p = odd r = odd q = even. The answer is NO

2) Insufficient
q + r = odd
q = odd r = even p = even. The answer is YES
q = odd r = even p = odd. The answer is NO

combine 1) and 2) Insufficient
p + r = even
q + r = odd
let r = even, p = even, q=odd. The answer is YES
let r = odd, p = odd, q= even. The answer is NO

Hence E.

GMATD11 wrote:
1) If p,q and r are integers, is pq+r even?

1) p+r is even
2) q+r is add

M getting D

OA is different. Pls confirm if answer is not D

Kudos [?]: 396 [0], given: 123

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Re: If p, q, and r are integers, is pq + r even? [#permalink]

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10 Mar 2011, 20:22
For pq+r to be even, pq = even and r = even OR pq = odd and r = odd.

From (1)
p + r is even so p is even and r is even or p is odd and r is odd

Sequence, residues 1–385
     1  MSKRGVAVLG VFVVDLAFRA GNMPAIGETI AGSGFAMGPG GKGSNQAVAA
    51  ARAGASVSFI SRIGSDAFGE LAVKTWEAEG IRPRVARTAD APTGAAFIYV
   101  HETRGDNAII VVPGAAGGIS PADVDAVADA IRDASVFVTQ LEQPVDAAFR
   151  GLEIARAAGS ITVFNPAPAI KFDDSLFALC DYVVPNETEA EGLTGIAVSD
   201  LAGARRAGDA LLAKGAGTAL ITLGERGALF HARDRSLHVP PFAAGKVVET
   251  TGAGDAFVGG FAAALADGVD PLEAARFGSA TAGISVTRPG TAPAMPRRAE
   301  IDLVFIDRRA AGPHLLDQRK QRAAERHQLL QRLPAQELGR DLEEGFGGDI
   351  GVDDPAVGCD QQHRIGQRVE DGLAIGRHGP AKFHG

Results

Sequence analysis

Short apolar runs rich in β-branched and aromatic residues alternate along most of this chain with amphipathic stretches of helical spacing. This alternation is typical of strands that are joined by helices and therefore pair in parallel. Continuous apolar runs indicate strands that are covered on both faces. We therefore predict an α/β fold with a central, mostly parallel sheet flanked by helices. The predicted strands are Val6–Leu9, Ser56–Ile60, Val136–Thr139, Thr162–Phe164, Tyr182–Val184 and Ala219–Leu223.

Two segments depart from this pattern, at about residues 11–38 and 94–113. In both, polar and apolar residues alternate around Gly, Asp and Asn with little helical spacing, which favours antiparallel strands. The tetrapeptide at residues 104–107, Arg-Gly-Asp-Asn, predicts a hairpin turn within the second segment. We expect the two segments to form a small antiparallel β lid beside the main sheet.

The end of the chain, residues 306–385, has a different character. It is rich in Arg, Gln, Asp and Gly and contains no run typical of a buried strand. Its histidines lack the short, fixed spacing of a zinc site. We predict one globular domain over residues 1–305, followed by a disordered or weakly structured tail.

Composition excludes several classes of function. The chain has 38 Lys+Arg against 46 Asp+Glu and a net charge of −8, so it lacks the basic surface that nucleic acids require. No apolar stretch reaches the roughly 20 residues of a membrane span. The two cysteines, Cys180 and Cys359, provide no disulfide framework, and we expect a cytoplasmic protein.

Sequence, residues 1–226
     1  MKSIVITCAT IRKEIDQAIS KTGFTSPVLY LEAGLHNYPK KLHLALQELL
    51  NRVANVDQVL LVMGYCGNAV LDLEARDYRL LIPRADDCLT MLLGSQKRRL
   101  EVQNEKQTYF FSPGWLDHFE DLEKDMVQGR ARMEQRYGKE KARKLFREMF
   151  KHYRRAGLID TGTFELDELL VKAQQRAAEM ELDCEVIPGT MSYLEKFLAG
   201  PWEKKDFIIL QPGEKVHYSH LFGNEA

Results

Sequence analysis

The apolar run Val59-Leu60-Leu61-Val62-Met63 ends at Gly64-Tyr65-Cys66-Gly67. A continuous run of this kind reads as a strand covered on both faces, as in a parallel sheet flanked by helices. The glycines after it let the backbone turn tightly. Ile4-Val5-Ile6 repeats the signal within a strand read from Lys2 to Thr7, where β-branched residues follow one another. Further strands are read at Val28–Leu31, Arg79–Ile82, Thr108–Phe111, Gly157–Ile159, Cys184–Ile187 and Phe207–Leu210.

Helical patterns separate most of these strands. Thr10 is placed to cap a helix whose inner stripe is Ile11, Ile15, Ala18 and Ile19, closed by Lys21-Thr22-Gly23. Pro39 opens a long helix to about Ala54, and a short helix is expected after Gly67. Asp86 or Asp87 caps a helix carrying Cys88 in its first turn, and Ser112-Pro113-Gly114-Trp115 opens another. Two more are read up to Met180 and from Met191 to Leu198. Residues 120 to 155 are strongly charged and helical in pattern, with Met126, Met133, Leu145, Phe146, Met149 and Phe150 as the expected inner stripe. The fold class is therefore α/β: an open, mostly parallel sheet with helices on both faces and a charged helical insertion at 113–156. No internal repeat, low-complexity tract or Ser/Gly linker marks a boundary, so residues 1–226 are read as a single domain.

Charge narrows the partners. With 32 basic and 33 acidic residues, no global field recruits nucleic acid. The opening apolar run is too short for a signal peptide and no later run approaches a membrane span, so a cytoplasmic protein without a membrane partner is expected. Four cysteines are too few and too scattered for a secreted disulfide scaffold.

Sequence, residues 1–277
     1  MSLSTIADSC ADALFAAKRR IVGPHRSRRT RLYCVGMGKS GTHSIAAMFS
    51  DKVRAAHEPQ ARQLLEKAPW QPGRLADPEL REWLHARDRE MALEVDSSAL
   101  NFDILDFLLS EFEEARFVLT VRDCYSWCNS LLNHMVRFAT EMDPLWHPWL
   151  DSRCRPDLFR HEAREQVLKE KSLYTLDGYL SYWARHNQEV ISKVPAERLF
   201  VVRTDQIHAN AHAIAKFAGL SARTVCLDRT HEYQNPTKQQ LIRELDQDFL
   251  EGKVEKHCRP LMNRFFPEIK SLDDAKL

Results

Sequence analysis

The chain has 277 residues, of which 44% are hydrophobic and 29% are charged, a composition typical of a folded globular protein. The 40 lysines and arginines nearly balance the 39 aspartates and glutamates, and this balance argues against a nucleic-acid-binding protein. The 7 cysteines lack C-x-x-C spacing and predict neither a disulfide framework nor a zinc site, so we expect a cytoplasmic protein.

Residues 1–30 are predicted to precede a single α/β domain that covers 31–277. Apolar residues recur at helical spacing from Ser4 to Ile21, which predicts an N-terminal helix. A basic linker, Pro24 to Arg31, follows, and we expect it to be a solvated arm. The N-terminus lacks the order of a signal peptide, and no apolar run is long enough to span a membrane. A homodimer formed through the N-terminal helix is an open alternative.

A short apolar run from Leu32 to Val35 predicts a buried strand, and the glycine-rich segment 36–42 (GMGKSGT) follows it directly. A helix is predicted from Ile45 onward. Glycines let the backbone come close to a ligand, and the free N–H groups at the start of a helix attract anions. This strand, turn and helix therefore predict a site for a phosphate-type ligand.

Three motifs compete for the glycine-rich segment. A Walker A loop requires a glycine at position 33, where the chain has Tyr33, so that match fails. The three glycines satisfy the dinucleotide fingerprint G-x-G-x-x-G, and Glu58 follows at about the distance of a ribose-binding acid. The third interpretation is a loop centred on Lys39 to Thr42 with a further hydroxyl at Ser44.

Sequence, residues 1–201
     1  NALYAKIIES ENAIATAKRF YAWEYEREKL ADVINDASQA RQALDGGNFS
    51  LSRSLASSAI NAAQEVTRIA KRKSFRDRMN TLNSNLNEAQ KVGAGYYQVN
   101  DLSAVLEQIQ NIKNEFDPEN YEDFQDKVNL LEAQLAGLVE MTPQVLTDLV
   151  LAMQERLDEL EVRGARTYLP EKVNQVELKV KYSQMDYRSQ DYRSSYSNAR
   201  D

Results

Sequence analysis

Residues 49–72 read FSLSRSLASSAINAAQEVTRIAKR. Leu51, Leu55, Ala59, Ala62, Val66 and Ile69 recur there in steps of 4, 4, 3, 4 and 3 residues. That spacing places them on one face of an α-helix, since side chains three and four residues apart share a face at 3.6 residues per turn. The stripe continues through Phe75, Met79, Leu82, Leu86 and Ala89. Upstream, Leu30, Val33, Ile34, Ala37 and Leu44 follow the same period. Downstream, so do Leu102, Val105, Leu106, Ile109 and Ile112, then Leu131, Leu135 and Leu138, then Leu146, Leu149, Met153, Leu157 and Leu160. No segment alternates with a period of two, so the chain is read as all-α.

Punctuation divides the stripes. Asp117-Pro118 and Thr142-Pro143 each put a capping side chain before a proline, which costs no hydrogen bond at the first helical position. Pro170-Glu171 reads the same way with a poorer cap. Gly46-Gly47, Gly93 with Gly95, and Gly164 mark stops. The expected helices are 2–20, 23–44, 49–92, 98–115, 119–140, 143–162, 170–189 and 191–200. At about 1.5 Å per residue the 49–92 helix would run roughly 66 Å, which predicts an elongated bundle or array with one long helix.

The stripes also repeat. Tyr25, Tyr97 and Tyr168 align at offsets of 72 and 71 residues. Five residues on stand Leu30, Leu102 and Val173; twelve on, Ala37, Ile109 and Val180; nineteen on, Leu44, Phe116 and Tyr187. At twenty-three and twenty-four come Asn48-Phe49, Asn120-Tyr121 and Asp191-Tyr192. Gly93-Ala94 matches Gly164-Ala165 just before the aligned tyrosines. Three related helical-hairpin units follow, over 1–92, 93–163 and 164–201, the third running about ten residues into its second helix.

but no info about q, if q is even and p and r are odd, then pq+r is odd, otherwise even

From (2) , q + r is odd, so q is even and r is odd OR q is odd and r is even

So if p is even, then pq -> even + r (odd) = odd or even + r (even) = even

Not sufficient

Combining both (1) and (2), if p and r ar even, pq + r is even

if p and r are odd then, pq + r is odd (as q is even then)

Hence we don't have definitive answer,and the answer is E.
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If p, q, and r are integers, is pq + r even? [#permalink]

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07 Apr 2013, 03:26
1
KUDOS
If p, q, and r are integers, is pq + r even?

(1) p + r is even.
(2) q + r is odd.

[Reveal] Spoiler:
Manhattan tells me I should make the table which works fine. I tried doing it without the table and that worked too. However, without the table I was less convinced and more confused because in your head it gets jumbled up. So is there another foolproof way of doing these? Or do I have to stick with the Manhattan table?